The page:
TUESDAY 9 FEB 2010 1:17 AM


Hadopi, the French anti-digital piracy organisation was launched in January – with pirated fonts.

Hadopi, Haute Autorité pour la Diffusion des Œuvres et la Protection sur Internet, is a recently enacted French law set up to prevent the illegal downloading of copyrighted work, not dissimilar to the British Digital Economy Bill. The agency that has been established to police the act is also called Hadopi, and was officially launched earlier this year.

To oversee the launch of the new brand, the French Ministry of Culture and Communication commissioned Plan Creatif, a French design agencies that counts EDF, Credit Agricole and Pernod Ricard amongst it clients. To great fanfare the new government agency was launched, and the Hadopi brand was unveiled.

Within twenty four hours, however, Hadopi, the Ministry of Culture and Plan Creatif found themselves at the centre of a piracy scandal. The typeface that Plan Creatif had used was Bienvenue, a corporate font created for and used exclusively by France Telecom. The font had been designed in 2000 by French typographer Jean François Porchez as part of an overall rebrand of France Telecom by Landor Associates. Not only was it not commercially available, but it was a font that had won nominations in various typography awards. As such, it was well known. Not surprising that it was picked up within 24 hours of the Hadopi identity being launched.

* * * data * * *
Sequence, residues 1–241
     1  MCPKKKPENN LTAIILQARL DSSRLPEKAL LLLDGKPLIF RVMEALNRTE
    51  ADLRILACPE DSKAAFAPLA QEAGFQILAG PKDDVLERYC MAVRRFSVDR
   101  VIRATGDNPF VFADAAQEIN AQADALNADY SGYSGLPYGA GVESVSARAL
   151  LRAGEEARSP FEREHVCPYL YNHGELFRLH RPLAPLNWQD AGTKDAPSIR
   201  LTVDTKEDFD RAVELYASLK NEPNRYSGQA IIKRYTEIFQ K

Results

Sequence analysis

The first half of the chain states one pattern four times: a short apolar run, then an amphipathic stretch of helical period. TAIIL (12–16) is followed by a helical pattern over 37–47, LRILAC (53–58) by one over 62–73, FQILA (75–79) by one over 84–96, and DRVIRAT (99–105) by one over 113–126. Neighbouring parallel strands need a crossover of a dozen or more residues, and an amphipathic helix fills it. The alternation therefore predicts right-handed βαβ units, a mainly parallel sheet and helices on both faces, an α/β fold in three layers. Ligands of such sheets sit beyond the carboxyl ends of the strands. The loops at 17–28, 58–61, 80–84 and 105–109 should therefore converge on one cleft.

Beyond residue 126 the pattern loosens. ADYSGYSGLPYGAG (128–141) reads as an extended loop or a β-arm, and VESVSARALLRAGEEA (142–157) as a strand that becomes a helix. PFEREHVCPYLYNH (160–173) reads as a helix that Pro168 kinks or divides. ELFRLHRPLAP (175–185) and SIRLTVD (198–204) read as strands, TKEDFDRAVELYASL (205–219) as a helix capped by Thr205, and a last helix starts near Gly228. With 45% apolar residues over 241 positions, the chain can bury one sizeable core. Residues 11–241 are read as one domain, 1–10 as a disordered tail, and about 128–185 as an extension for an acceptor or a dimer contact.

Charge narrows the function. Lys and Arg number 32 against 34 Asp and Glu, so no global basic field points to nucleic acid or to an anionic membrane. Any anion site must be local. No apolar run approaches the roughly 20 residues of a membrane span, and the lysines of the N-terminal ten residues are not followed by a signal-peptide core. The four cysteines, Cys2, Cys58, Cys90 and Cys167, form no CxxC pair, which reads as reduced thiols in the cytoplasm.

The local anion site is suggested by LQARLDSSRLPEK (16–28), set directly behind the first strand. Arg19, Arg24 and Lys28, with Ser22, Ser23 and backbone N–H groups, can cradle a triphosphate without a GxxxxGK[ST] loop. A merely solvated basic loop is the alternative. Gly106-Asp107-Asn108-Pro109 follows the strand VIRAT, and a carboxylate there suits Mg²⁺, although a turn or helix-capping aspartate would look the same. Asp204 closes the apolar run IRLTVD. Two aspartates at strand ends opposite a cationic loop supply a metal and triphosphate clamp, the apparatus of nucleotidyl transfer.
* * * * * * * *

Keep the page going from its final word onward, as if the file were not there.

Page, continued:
Two days later Plan Creatif issued a statement saying that the Bienvenue identity that had been announced on the official Hadopi website was in fact just a sketch, and attached the ‘real’ logo. If anything this has increased the criticism. The new logo used two fonts, Bliss and FS Lola, similar to Bienvenue. However, according to the license holders these fonts weren’t registered to Plan Creatif until the morning of the announcement of the revised logo, suggesting that Bienvenue had been the intended font all along.

We are indebted to The Font Feed for unearthing this story of typographical piracy on the high seas of branding.